Jeff Healey appears again, this time in more familiar electric blues mode in a track from his 2008 BMA award winning CD “Mess Of Blues”. On Sonny Thompson’s “I’m Torn Down” Jeff reminds us of what an exciting player he was and what a loss to the blues world his untimely death was. In contrast Ronnie Earl’s approach to blues guitar is far more restrained yet always seems to reach our emotions. The track chosen here is “Miracles” from Ronnie’s 2010 release “Spread The Love”.
There are some previously unreleased tunes on these CDs that are worth noting. CD 1 features three demos recorded in 1979 by Bob Carpenter; CD 2 has a 1988 cut by King Biscuit Boy and no fewer than four unreleased 1965 recordings by Robert Nighthawk. Recorded late at night after a gig in Toronto, these are the last recordings he ever made and they are great fun. Perhaps there was insufficient material to warrant an album release at the time, but they are certainly a joy to hear, so thanks to Stony Plain for these tracks ‘from the vault’.
The bonus DVD material is mainly promo videos, some of which show their age. I liked the video for Jr Gone Wild in which they are playing live to an audience of one, albeit clearly a major fan of the band. When he decides to launch himself off the stage into the (now empty) audience, you just have to laugh! The tribute to Jeff Healey (playing Neil Young’s “Like A Hurricane”) is moving and the interview with Holger Petersen interesting. Ronnie Earl appears to be really playing live whereas Duke Robillard’s band is not, as Duke’s guitar changes from a Gibson to a Fender half way through!
The purpose of label-specific compilations is to promote the label’s roster. From a fan’s viewpoint the value is to discover new artists and this compilation offers a very wide range of material for us to consider. I have certainly one or two more albums to track down now!
Reviewer John Mitchell is a blues enthusiast based in the UK. He also travels to the States most years to see live blues music and is currently planning his trip to the Blues Blast Awards in October.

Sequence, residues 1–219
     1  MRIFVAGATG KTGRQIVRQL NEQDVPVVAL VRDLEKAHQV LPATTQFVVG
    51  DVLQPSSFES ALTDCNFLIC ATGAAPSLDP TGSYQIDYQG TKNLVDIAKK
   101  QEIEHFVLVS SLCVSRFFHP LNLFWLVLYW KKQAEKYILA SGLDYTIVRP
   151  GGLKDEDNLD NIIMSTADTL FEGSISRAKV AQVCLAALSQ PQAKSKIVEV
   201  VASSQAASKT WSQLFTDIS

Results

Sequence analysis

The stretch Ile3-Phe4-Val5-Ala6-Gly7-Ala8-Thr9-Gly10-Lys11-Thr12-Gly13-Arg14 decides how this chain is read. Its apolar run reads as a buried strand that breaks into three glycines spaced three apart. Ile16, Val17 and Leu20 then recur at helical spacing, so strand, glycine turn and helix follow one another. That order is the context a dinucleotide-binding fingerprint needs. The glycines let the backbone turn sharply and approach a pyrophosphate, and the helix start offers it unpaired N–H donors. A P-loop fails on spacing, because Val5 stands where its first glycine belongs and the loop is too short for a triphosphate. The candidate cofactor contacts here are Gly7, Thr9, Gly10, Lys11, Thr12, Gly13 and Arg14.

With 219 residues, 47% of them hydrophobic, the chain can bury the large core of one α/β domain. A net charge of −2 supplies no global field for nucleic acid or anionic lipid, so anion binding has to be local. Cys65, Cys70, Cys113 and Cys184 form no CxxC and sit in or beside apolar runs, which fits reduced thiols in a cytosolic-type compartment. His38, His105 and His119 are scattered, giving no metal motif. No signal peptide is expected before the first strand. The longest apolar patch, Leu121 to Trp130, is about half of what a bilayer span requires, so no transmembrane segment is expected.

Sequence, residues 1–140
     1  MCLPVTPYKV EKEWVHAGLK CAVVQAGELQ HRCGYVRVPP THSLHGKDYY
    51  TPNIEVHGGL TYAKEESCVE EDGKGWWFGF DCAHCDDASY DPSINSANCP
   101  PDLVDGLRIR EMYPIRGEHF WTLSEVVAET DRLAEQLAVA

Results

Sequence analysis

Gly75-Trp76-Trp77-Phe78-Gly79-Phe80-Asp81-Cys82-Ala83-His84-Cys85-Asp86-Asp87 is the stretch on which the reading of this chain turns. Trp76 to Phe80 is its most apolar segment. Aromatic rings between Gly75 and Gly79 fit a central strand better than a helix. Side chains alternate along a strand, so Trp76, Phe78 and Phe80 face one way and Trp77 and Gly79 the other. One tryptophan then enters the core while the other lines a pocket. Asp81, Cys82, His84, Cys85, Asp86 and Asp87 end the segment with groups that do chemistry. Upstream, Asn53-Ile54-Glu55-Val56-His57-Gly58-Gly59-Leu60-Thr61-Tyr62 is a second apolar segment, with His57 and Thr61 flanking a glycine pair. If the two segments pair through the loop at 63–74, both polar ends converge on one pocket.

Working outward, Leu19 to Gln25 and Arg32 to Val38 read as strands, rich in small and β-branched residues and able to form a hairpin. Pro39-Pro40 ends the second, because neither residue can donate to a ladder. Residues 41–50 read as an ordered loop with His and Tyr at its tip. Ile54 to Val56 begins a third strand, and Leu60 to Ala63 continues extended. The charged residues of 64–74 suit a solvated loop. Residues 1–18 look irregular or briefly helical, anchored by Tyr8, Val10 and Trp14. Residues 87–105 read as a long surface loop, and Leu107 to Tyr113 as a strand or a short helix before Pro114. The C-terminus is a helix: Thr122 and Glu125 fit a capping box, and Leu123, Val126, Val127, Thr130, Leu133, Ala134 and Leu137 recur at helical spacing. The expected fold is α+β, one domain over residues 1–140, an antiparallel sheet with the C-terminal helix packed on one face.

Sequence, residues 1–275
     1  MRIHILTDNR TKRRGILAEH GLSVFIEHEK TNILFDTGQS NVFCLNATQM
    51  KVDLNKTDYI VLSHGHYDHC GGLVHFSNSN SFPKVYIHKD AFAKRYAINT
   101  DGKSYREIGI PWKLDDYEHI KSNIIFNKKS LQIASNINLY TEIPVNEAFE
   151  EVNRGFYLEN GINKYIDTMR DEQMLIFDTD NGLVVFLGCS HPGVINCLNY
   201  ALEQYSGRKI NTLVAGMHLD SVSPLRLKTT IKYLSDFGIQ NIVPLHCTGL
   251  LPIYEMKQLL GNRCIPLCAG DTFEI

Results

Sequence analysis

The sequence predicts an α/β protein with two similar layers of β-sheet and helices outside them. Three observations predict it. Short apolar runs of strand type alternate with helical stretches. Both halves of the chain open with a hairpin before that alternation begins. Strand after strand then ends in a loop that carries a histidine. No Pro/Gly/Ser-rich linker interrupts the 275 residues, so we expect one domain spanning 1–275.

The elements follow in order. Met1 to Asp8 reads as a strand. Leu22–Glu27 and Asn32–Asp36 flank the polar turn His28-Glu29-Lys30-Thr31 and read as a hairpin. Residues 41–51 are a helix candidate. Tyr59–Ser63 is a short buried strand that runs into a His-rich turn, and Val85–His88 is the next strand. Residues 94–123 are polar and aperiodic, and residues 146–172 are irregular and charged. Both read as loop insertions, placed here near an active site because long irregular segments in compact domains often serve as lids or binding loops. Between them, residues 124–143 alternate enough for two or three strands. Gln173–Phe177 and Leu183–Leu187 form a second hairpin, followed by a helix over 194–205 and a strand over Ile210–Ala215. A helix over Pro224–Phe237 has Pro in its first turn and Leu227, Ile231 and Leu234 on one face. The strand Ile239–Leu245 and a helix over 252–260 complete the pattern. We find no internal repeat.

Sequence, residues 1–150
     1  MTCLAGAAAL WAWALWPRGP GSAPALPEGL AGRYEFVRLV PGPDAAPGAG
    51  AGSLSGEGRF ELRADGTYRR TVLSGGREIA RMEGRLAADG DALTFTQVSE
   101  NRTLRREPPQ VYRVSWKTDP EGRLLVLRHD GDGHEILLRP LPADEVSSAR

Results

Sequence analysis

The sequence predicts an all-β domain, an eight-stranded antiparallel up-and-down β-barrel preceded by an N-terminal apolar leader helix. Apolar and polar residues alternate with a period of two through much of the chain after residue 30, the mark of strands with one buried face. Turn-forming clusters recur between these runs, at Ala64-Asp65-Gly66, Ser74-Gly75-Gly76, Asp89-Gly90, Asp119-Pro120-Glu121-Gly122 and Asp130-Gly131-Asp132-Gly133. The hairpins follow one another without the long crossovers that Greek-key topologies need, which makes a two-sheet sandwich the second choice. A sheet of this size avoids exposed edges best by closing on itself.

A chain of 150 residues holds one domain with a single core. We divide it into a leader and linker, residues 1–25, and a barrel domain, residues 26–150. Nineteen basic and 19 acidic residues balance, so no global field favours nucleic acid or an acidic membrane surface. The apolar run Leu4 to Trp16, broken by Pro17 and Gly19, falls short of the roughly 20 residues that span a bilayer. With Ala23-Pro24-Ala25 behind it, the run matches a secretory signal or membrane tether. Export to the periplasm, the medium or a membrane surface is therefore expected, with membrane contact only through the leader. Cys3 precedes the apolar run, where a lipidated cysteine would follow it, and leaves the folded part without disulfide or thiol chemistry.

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River City Blues Society - Pekin, IL
River City Blues Society presents: Bringing The Blues To You with the following shows - Eddie Turner - Wednesday October 26th, Big Dog Mercer - Wednesday November 9th, Cash Box Kings - Thursday November 17th, Kilborn Alley Blues Band - Wednesday November 30th, Victor Wainwright & The Wildroots - Saturday December 17th. Location Goodfellas 1414 S. 8th St, Pekin, Illinois 7:00 pm - 10:00 pm $5.00 non-members $3.00 members. For more info visit: www.rivercityblues.com
The Golden Gate Blues Society - Redwood City, CA
On Sunday, November 13, The Golden Gate Blues Society of the San Francisco Bay Area presents the International Blues Challenge Final Round. Pinkie Rideau and Blind Resistance, The David Landon Band, Paula Harris and Blu Gruv, and The Delta Wires hit the stage at San Francisco’s award- winning home of the blues, Biscuits & Blues, located at 401 Mason Street near Union Square, from 2 until 6 pm on Sunday, November 13. Admission for members of The Golden Gate Blues Society is $15, and for nonmembers $20. Membership is available at the door.
Judges for the Finals include Sista Monica Parker, "the lioness of the blues;" Lee Hildebrand, journalist for Living Blues; and Frank DeRose, leader and bass player with 2011 TGGBS International Blues Challenge winners Tip of the Top. For more info visit www.tggbs.org
Blues Society of Western PA - Pittsburgh, PA
On October 22 at the Clarion Hotel, 401 Holiday Drive, Pittsburgh, PA The Blues Society of Western PA presents Blues Goes Pink- Divas Return Show from 1 pm – 9 pm. $12 to public, $10 to all blues members from any society. All proceeds to benefit Adagio Health to provide breast cancer and cervical cancer screenings for underinsured women in Western PA. For more information visit Blues Society of Western PA at www.bswpa.org or call 724-378-8926
The Windy City Blues Society - Chicago, IL